Home computers help scientists

The collective power of hundreds of thousands of personal computers was first harnessed to search for extra terrestrial life. Now, it’s being utilized to analyse cancer and flu treatments.

In July, 1999, we ran a story about [email protected], a scientific experiment to analyse vast amounts of data generated by radio telescopes. Participants download a screensaver program that runs during their computer’s idle time and performs complex calculations.

Results are sent back to the project’s main computer via the Internet. The project’s goal (SETI is an acronym for Search for Extra Terrestrial Life) is to discover whether we are truly alone in the universe.

Processing medical data
One year later, the idea of using networks of personal computers (linked via the Internet) has been put to more productive use. Instead of looking for E.T. the Extra-terrestrial, volunteers around the world are signing on their computers to process data on everything from cancer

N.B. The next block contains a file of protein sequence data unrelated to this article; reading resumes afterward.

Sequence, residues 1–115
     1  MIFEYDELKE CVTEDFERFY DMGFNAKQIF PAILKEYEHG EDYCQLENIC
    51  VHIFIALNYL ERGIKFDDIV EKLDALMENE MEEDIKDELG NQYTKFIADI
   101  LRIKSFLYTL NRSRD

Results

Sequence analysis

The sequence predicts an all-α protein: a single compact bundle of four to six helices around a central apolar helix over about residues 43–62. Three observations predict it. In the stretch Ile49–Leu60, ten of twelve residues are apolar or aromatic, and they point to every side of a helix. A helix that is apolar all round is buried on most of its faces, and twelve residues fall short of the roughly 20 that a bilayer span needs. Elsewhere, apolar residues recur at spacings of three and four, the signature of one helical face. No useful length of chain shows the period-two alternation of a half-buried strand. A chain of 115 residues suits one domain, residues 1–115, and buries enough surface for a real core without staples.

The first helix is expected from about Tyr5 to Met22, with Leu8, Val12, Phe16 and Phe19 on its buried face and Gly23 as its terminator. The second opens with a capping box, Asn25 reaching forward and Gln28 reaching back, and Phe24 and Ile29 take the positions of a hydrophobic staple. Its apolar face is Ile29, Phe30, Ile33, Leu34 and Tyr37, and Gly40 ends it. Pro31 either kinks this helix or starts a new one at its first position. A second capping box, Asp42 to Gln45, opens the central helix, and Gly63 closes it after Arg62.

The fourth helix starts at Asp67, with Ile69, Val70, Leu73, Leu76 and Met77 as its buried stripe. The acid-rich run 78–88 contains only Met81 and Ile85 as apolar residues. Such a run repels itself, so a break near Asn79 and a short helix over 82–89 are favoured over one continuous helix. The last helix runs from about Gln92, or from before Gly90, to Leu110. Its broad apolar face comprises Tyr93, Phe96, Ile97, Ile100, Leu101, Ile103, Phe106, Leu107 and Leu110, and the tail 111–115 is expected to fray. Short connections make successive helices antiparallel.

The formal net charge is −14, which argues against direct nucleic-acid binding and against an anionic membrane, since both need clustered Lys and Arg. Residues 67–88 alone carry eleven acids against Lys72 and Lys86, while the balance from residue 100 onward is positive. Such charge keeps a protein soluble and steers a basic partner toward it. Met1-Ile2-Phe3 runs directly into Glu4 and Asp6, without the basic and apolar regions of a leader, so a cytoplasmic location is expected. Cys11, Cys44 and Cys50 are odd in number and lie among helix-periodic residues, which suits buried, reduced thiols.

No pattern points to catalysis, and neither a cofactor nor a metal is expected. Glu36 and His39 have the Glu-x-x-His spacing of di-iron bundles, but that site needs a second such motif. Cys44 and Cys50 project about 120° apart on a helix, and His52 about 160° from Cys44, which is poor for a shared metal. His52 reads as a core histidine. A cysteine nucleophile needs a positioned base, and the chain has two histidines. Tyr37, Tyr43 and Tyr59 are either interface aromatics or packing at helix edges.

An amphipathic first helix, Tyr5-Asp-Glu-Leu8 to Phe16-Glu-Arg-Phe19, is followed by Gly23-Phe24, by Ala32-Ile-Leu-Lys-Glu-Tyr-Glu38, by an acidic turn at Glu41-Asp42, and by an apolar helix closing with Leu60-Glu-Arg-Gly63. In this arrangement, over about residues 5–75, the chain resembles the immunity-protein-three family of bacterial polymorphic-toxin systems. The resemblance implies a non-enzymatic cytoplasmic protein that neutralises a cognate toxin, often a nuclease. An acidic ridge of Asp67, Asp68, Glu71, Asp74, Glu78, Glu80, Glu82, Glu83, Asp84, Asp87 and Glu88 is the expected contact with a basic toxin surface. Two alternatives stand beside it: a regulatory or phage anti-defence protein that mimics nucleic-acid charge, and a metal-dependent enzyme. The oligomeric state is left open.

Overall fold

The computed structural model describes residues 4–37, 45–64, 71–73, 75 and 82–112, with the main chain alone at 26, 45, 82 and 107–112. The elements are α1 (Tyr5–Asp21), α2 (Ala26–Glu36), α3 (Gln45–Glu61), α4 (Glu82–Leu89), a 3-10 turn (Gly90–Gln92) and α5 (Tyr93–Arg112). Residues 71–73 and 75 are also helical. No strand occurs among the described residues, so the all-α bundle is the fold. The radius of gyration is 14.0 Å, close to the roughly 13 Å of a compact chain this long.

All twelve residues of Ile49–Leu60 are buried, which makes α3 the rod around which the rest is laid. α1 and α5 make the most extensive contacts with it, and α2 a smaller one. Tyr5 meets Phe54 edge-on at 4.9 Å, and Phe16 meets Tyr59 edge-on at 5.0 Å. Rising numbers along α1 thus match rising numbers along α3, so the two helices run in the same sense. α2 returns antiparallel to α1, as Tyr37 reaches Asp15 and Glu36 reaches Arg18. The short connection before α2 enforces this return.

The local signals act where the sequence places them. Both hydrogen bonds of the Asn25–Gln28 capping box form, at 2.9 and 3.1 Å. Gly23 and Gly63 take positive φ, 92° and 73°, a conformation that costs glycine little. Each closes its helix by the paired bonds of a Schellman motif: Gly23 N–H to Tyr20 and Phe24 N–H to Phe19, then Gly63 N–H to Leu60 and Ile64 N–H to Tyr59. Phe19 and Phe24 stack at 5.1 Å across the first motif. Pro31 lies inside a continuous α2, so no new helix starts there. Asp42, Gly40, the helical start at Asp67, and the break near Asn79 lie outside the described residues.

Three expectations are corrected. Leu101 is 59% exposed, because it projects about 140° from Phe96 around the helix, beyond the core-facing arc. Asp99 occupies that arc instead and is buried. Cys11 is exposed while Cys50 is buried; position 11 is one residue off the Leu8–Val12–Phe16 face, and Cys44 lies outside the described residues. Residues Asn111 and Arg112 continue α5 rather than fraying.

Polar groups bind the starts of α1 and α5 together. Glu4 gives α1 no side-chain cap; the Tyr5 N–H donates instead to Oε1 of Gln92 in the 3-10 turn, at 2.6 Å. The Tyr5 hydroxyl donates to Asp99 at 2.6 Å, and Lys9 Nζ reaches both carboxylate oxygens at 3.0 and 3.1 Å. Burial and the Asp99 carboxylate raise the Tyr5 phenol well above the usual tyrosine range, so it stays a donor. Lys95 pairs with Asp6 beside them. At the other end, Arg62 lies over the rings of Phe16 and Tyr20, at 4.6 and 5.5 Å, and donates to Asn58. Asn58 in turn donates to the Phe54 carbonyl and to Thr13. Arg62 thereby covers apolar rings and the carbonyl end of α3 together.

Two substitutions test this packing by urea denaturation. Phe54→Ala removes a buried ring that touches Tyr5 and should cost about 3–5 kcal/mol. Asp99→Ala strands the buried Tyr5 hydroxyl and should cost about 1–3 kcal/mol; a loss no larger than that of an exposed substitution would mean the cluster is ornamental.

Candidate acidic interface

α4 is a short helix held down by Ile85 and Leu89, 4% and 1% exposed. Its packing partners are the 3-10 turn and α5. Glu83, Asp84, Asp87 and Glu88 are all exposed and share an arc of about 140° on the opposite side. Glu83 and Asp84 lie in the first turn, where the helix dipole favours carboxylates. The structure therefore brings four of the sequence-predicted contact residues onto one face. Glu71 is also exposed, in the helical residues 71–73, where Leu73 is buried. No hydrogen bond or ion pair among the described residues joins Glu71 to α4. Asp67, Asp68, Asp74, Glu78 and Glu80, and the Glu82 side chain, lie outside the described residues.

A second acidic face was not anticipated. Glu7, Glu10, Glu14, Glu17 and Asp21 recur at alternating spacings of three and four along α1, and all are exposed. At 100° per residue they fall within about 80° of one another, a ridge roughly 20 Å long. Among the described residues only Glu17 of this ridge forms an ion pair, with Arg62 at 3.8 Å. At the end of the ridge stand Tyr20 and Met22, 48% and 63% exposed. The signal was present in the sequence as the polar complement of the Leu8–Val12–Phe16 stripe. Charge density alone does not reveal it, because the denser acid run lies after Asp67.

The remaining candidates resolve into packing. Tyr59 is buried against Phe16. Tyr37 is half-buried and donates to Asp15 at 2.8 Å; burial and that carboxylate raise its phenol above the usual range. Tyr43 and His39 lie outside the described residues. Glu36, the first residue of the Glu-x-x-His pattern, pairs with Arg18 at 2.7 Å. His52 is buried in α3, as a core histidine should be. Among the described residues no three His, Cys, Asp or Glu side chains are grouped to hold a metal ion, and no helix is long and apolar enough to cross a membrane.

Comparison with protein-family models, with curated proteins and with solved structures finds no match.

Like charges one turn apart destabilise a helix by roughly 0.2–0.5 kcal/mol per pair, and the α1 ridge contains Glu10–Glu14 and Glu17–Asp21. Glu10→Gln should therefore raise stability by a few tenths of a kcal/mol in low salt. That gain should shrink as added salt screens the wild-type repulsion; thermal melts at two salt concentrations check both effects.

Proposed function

research to digital animation.

A company in Virginia called Parabon is collaborating with the U.S. National Cancer Institute’s molecular pharmacology lab, on a project to simulate how caer cells react to different drugs. The screensaver simulation program evaluates cancer treatments, helping select the best of the lot to be tried on real patients.

“It allows individuals to directly contribute to cancer research and may lead to important discoveries,” says Steven Armentrout, chief executive of Parabon.

Other uses
The company is also planning to use the process to study ways of reducing the side-effects of chemotherapy.Other companies are planning projects to evaluate anti-flu drugs and find the best ways to store nuclear waste.

If companies like these can enlist enough volunteers, computational projects that would otherwise take months could be completed in days. One company says that its “network” of 100,000 volunteered PC’s has three times the processing power of IBM’s famed “Asci White” supercomputer, which uses over 8,000 processors and can perform 12 trillion calculations per second.

The possibilities are truly limitless.